This is a grant that provides new businesses with £65 per week for the first 13 weeks the business is trading, dropping to £33 for the next 13 weeks. After 26 weeks the allowance is stopped and the idea is that by this point your business should be fully functioning and providing you with an income. While in receipt of the allowance you are also assigned a mentor who can give you business advice. This has helped so much with the start up of my business and I have high hopes now for the future.
Keeping everything crossed!
Karen Wan, 23, from Mansfield - graduate currently working part time as a waitress:
Admitting to family and friends that I’m not in a “proper” job isn’t the easiest thing to do, let alone admitting it to the nation on BBC radio. Having graduated in 2010 with a good degree from a well reputable university and still struggling to find work at 24 isn’t exactly something to shout about.
So why have I just done so? I was told that I could help create a manifesto on unemployment in the hope that it’ll get to decision makers on the matter. In return, I give an insight about my experiences of looking for a job as a graduate. At a time like this I really don’t have much to lose and can use all the help I can get as I feel even more confused and lost than ever before. With that in mind I agreed, plus it seemed like an opportunity to do some good, for me and the other 2 million or so unemployed.
Photo by Noise Festival / Liam Carter
My participation in this is more about the general cause and aims of the show and less about my rants and complaints of my situation. In fact, I generally don’t complain about it because at least I have a part time job and I only have myself to look after.
The only times when I have complained (other than this one) is when I’ve been asked to talk about it. With unemployment figures rising every week, if there’s an opportunity to make a little difference to such a large number of people and potentially future generations, then this can only be a good thing…
I remember saying a while ago to a potential employer that one of my dreams is to be able to influence good. I think this makes a good starting point, don’t you?
Richie Mole, 19 from Newcastle. Unemployed on JobSeekers Allowance, but in training:
I’m 19 years old and grew up in a small town called Amble in Northumberland. I was raised by my parents until I was 10 years old, before being put into foster care.
From a young age I was always a nightmare at school and at my foster homes. As I started to grow up I started sticking in at school and came out with 3 GCSE’S at grade C. Since leaving school I became a Young Inspector, which meant that me and a group of young people visited youth services to give advice on how they could improve and make their service more young-people friendly.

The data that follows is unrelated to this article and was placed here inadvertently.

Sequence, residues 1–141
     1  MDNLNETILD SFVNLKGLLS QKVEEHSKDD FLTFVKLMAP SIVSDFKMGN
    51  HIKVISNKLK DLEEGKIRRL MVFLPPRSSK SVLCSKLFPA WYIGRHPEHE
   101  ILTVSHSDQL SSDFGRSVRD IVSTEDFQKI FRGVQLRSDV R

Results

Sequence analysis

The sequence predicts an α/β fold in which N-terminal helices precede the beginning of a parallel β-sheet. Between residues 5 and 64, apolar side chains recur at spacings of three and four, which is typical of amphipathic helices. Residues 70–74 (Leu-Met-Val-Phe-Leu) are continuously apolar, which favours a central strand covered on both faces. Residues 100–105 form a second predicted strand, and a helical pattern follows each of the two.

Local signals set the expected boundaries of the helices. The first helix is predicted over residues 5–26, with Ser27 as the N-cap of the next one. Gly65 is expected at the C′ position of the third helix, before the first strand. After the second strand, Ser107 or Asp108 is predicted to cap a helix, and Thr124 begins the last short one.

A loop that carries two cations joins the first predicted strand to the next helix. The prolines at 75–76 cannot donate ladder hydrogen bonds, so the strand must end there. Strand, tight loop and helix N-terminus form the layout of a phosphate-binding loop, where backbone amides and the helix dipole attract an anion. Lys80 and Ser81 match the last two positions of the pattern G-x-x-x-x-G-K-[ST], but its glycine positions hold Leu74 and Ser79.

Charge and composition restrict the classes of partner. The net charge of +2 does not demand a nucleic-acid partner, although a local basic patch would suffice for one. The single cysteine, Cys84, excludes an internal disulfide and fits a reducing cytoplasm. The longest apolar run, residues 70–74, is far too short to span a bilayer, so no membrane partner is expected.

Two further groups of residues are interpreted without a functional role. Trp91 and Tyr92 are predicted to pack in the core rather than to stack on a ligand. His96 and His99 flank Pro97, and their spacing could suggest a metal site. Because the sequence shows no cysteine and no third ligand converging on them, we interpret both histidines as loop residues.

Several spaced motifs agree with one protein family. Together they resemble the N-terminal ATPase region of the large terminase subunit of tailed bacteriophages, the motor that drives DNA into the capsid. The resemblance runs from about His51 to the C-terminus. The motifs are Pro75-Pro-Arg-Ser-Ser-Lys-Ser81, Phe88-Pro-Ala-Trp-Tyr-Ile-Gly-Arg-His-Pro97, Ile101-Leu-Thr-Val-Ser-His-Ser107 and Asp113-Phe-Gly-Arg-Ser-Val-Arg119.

In 2010 I applied for a volunteering trip away to India with a charity called Raleigh International. My application was successful so I embarked on a 3-week trip to India. While I was there I built sanitary units in a village; it really made me realize the different cultures and helped me appreciate more the little things I have in life. When I got back from India I got a job working as a call centre agent. I worked there for eight months but had to end the job after my Granddad passed away and it became too stressful.
In 2011 I started a 16-week course with Tomorrow’s People, which was all about making myself more employable. During my course I was volunteering in the community, which was good to put on my CV. Also during the course we took part in outdoor activities, which made me realize that becoming an Outdoor Instructor was what I wanted to do as a career.
Now I am doing a course with Fairbridge, who are in partnership with the Princes’ Trust. The Fairbridge course is helping me to improve my skills in most outdoor activities. I am also getting advice from the Fairbridge staff on becoming an Outdoor Instructor.
Later this year I’m going away with a charity called Restless Development to Zambia. I applied for this opportunity at the back end of 2011 and was later invited to an interview in January 2012. I am going to be going away for three months and will be teaching in a community. I have always had a passion for helping other people whether they’re disadvantaged or not, so I can’t wait to go. When I get back I hope to go to college to gain my qualifications in outdoor pursuits and get a job.
I’m really excited to get involved with 5 live and hope to gain a lot from this experience. I am also looking forward to meeting my mentor who can hopefully give me a lot of hints and tips on how to go further with my career choice.
Jo Meek is a producer for 5 live Drive's unemployment special